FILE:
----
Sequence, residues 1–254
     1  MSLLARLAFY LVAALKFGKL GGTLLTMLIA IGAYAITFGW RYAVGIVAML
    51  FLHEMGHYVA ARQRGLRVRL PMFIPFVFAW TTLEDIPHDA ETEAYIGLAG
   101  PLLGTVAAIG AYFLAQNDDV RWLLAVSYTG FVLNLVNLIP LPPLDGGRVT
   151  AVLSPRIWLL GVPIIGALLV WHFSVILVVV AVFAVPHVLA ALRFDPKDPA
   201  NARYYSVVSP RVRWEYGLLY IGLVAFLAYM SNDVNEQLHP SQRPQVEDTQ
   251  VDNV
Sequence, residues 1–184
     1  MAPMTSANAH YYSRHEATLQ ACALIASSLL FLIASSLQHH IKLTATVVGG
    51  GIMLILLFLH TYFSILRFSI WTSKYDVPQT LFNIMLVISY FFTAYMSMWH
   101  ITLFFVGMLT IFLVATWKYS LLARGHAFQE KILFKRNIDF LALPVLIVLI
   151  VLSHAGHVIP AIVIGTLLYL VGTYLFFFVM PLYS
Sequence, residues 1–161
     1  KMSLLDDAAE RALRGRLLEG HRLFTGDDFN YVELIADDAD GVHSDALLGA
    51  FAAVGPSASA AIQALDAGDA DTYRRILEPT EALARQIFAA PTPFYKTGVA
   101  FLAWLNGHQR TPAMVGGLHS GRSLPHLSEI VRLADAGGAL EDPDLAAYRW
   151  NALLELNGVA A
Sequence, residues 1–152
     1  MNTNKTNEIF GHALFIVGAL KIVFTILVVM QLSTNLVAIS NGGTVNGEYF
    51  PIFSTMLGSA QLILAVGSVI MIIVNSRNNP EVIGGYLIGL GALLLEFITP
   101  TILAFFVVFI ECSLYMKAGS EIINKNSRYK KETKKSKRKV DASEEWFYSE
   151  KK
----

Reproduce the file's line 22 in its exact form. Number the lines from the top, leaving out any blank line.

   151  KK